has been investigated by many paranormal organizations, including Ghost Hunters, who have been able to record clear EVP's.
Queens University of Charlotte
Photo Credit: Goff Rugby Report
Queens University of Charlotte first started off as the Charlotte Female Institute in 1857, operating under an existing charter for Charlotte Female Academy and directorship of the Reverend Robert Burwell and his wife Margaret.
In 1912, the school received a new, and now its current, location at Myers Park, as well as a new name: Queens College. After World War II, the school transitioned into a co-ed college in order to include the soldiers coming back home.
It was not until 2002 that it became Queens University of Charlotte. There are opportunities galore at Queens University at Charlotte, and not just for academics.
There are several dormitories that have multiple ghost stories to keep students up at night. Hall Brown, also known as Overcash Hall, has a particularly paranormal encounter in which a student saw their roommate apparently
sleeping at her desk; however, when she tried to wake her, she noticed her roommate's normally red hair was actually black and stringy. The student screamed, the girl at the desk disappeared and the redheaded roommate woke up startled in
her own bed. In the Belk dormitory, another student was awakened by her desk shaking and when she got up to investigate, the desk stopped shaking. This happened an hour later, but this time the student ran out of her room; once she exited, the door allegedly locked
by itself and the student could see the face of another girl on the closet door. Students have reported seeing Confederate soldiers walking around campus and other spirits in period clothing, particularly in the Suzanne Little Rehearsal Hall underneath Dana Auditorium.
Doors will often open and close on their own, sometimes locking without the aid of the living. There have also been reports of cold spots, banging and screaming, as well as possible apparitions of former students who have committed suicide.
Photo Credit: The Business Journals
The Carolina Theatre was designed by R.E. Hall and opened on March, 7, 1927, screening the silent film A Kiss in a Taxi and hosting a vaudeville act. Hall designed the Carolina Theatre to be a not only a place of entertainment, but also an atmospheric experience for the community. It was modeled after a Spanish patio with
a stylized roof and murals along the walls designed to look like a Mediterranean sky. It would host several notable actors, such as Katherine Hepburn, Bob Hope, Elvis Presley and Frank Sinatra. It was a fairly successful theatre and even ran as a Cinerama theater with three projectors and a curved screen,
but was permanently closed in 1978 and was later the victim of arson in the 1980's. There is now an effort underway to continue restoring the Carolina Theatre and open it again after roughly 40 years.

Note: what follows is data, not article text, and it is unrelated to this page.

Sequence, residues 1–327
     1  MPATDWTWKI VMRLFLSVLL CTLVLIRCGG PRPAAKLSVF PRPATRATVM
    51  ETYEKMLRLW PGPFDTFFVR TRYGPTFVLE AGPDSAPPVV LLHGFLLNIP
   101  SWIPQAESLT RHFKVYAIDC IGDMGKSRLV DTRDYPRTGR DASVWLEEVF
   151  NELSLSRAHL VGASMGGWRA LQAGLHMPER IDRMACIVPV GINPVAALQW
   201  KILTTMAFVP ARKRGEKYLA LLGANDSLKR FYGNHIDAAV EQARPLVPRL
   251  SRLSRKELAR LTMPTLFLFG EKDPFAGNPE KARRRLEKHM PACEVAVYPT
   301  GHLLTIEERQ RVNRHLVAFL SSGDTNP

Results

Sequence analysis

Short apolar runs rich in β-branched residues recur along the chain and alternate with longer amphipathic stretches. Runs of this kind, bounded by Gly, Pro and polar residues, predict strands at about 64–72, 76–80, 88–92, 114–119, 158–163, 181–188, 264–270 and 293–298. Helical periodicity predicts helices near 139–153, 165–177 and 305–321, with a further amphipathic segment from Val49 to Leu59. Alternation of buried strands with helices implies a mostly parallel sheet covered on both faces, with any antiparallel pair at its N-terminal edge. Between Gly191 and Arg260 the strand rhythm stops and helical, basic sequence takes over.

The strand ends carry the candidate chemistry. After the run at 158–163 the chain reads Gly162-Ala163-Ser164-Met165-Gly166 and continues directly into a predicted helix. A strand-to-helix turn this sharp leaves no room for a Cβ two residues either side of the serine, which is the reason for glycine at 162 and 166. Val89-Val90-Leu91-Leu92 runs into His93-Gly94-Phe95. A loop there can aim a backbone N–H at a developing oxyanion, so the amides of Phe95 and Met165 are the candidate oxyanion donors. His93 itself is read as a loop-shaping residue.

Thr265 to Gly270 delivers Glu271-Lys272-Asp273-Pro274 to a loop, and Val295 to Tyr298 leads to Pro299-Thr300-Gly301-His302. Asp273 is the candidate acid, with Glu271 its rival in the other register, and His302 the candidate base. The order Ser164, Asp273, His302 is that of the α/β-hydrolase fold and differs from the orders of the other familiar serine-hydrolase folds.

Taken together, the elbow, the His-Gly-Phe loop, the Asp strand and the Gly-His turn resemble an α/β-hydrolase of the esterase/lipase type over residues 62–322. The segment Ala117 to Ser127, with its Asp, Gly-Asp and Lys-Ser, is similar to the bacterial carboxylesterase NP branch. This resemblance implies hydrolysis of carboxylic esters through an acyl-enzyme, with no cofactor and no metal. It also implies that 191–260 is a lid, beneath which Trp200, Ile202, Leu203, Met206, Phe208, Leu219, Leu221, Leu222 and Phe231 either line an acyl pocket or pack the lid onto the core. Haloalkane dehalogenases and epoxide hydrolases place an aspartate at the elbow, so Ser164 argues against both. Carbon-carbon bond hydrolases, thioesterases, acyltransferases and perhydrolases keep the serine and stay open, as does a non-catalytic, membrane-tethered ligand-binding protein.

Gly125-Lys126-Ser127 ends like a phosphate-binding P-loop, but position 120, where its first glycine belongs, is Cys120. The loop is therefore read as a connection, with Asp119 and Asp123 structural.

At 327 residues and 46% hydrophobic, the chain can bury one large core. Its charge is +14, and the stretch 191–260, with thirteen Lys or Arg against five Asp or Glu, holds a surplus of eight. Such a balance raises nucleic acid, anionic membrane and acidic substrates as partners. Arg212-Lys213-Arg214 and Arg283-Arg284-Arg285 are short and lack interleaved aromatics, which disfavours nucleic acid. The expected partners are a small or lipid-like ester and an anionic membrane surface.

There's no real explanation regarding how the theatre caught fire, except it was committed by vagrants; however, there is also a prevailing legend that a woman set fire to the theatre and her ghost is still haunting it. Although there are no recorded deaths in the Carolina Theatre, there is still at least one spirit named Fred who has his fun in the theatre. Sometimes he does appear as a full-bodied apparition, but he is most known for turning lights off and on and causing all sorts of mischief. People who currently work
in the theatre have gotten into the habit of wishing him a good night before leaving. When the theatre opens again, maybe you'll see Fred on his usual haunt on the balcony.
The Grand Old Lady Hotel
Photo Credit: The best hotels
Balsam Mountain Inn, now called the Grand Old Lady Hotel, is an example of what happens when highways are built and no one sees the charming hotel along the mountainside. Fortunately, this 100+ year old hotel has gotten a comeback as a popular period getaway
with some friendly longtime guests. The Balsam Mountain Inn was built by brothers-in-law Joseph Kenney and Walter Christy in 1908; they already had success in leading hunting and fishing trips and possibly saw the potential of having a picturesque hotel steps away from a busy train station.
The 100-room hotel had doorways wide enough to fit steamer trunks to accommodate the passengers coming off of the train and 100 porches to provide all guests with views of the mountain ranges in which they could also hike, if they so desired. Rail service ended in Balsam in 1949 and the hotel
slowly descended into obscurity, so much so that even some locals forgot about the "Grand Old Lady of Balsam" (Grand Old Lady Hotel, 2019). The hotel was bought and renovated by an experienced hotelier who officially opened it back up in 2018.
With the amount of rail traffic Balsam received, it may not be surprising at how many paranormal occurrences have been reported at the Grand Old Lady Hotel. It's even gotten to the point where the owner has a book for guests to write down their own interractions with the hotel's ghosts, which again
wouldn't be surprising when you factor in the numerous renovations. Rooms 205 and 207 have the most reports of paranormal activity with disembodied footsteps, rattling doorknobs and banging on the doors and walls, all of which cannot be attributed to central air as the hotel does not have air conditioning.
Shadow figures have been seen in the hotel and every once in a while a guest will have their sheets torn away from their bodies while they sleep or even have objects thrown about the room.
On the third floor, guests have heard unexplained children's voices and laughter and a woman in blue has also been seen on the second floor balcony.
Xoco Mexican Bar & Grill
Photo Credit: Hibernian Hospitality Group
Here there will be history and reports of paranormal activity at Xoco Mexican Bar & Grill.
We're eternally grateful for your patience.
The Dunhill Hotel
Photo Credit: The Dunhill Hotel
Here there will be history and reports of paranormal activity at The Dunhill Hotel.
We're eternally grateful for your patience.
Ri Ra Irish Pub
Photo Credit: Charlotte Observer
Here there will be history and reports of paranormal activity at Ri Ra Irish Pub.
We're eternally grateful for your patience.